Maya Angelou: The World's Griot
|Photo credit: Biography.com|
Maya Angelou 1928-2014
By: Marvin DeBose Jr.
In West African culture, the griots, storytellers who often employed the use of poetry and music, have historically been seen as some of the most highly valued members of society. These people were seen as walking history books, full of lessons to impart upon a village. Maya Angelou was a product of this rich tradition.
For most people, simply hearing that name, “Maya Angelou”, brings words to mind such as, “Wisdom” and “understanding”.Her presence was associated with poise, and grace, and her words were filled with truth and love.
Although many people simply associate her with her countless insightful quotes and thought-provoking poetry, what made Maya Angelou truly remarkable were not just the beautiful, poetic words which she spoke, it was the rich life which she lived.
Born in 1928 in St. Louis, Missouri, but raised in Stamps, Arkansas, Angelou, born Marguerite Ann Johnson, lived the life of a true renaissance woman.
In her early life, Angelou was widely known for her immense talent in the performing arts. She was renowned calypso performer, which is a form of Afro-Caribbean dance and music and also spent time working as an actress and a playwright, who toured internationally starring in shows such as“Porgy and Bess” and writing plays such as “Georgia, Georgia”.
Angelou also worked internationally as a human rights activist, working with Martin Luther King Jr in the Southern Christian Leadership Conference as well as with Malcolm X in the Organization of African Unity.
Angelou would also spend years living in Ghana, working as a freelance journalist.
Most notably, Angelou was a world-renowned poet and author. Her thought-provoking writings touched on controversial topics like race and gender, as well as universal themes such as love and parenthood. She is seen as one of the most significant writers in American literature. Her raw, yet profound autobiography, “I Know Why the Caged Bird Sings”, was ranked by TIME magazine as being one of the top 100 most influential books written in the English language.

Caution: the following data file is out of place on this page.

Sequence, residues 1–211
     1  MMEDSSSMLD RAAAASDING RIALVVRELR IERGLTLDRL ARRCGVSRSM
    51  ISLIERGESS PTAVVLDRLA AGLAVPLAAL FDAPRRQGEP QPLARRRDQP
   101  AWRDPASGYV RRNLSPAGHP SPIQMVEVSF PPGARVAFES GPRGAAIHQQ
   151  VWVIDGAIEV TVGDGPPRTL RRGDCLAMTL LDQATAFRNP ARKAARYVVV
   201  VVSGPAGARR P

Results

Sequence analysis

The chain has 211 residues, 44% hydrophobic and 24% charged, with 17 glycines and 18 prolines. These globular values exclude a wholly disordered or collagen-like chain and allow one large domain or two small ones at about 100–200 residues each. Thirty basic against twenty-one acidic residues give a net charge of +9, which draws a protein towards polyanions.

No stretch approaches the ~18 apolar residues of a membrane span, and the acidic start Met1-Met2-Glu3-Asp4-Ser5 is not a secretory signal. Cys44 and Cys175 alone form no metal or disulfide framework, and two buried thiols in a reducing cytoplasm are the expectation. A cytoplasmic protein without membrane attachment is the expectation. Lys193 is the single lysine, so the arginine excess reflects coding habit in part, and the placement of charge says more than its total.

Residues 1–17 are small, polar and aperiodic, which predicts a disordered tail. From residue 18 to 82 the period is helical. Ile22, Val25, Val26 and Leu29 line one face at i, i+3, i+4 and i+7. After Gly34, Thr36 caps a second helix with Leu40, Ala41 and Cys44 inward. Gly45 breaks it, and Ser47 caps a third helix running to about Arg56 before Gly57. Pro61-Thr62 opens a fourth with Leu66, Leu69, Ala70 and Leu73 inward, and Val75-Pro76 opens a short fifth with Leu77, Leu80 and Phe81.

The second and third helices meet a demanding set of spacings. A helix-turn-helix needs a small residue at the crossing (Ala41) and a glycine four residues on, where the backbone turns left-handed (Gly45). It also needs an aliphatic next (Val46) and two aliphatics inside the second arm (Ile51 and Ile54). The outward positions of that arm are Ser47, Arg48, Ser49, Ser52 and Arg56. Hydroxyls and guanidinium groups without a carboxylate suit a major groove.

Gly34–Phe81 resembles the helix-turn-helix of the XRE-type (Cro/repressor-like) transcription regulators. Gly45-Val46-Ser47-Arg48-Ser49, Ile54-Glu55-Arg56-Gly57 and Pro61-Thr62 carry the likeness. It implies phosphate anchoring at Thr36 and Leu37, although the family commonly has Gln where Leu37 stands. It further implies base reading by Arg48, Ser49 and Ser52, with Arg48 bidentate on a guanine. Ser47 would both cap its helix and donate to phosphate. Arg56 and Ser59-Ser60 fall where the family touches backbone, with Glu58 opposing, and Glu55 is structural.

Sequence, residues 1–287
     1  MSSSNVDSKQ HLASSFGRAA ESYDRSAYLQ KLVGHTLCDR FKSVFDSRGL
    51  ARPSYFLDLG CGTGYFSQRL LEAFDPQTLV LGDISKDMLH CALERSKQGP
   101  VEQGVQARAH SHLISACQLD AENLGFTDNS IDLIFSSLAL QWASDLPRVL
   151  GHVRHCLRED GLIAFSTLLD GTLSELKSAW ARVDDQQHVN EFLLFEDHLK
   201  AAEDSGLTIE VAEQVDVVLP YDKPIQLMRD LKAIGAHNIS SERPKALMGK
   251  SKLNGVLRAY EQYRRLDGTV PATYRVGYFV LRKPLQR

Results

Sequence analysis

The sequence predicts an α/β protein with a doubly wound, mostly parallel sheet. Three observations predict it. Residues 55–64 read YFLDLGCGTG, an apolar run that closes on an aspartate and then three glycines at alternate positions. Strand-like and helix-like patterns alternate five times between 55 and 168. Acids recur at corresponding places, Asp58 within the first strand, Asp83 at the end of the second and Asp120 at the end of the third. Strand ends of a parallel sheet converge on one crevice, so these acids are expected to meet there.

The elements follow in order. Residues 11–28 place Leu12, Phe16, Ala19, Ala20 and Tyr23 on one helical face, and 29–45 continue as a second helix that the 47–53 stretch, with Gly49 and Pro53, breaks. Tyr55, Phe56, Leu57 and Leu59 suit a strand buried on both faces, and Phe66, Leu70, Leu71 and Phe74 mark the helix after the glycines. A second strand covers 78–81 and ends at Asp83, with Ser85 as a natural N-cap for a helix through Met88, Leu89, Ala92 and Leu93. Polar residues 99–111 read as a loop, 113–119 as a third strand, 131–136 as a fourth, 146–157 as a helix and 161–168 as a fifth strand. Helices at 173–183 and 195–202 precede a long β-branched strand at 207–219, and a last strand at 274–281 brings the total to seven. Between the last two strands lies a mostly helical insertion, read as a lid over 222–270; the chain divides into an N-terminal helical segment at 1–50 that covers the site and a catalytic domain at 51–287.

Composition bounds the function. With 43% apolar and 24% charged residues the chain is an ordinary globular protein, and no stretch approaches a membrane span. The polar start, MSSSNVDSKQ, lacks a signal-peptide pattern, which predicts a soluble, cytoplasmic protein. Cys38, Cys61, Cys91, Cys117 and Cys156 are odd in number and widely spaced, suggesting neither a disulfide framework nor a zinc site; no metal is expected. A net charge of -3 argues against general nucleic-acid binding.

Although she has departed from us in the physical form, her words, her wisdom and her spirit live within the hearts and minds of people all over the world.
To many people, for some whom she didn't even know personally, Angelou was a mentor, a mother-figure, and an adviser. Oprah Winfrey commonly cites Angelou as her “mother/sister”. Even comedians such as Richard Pryor, Dave Chappelle and Chris Rock were known to go to her home in North Carolina to seek her advice.
Angelou once even disciplined rapper Tupac Shakur, whom she worked with in the movie “Poetic Justice”. Angelou witnessed Shakur about to get into a fight on the movie set and she pulled him aside and brought him to tears by asking him, “When was the last time anyone told you how important you are?' Did you know people stood on auction blocks and were bought and sold so that you could stay alive today?'”
Moments like that are testaments to the fact that Angelou was much more than a few witty quotes online, it shows how she was much more than a poet, actor and a playwright. She was a leader whose example helped to bring out the best in other people.
There are many words which can be associated with Maya Angelou's remarkable legacy; however there is only one which suits her best:
Read more at http://www.themindofmarvin.com/2014/05/maya-angelou-worlds-griot.html#TMPoiDb8WkbqEoA3.99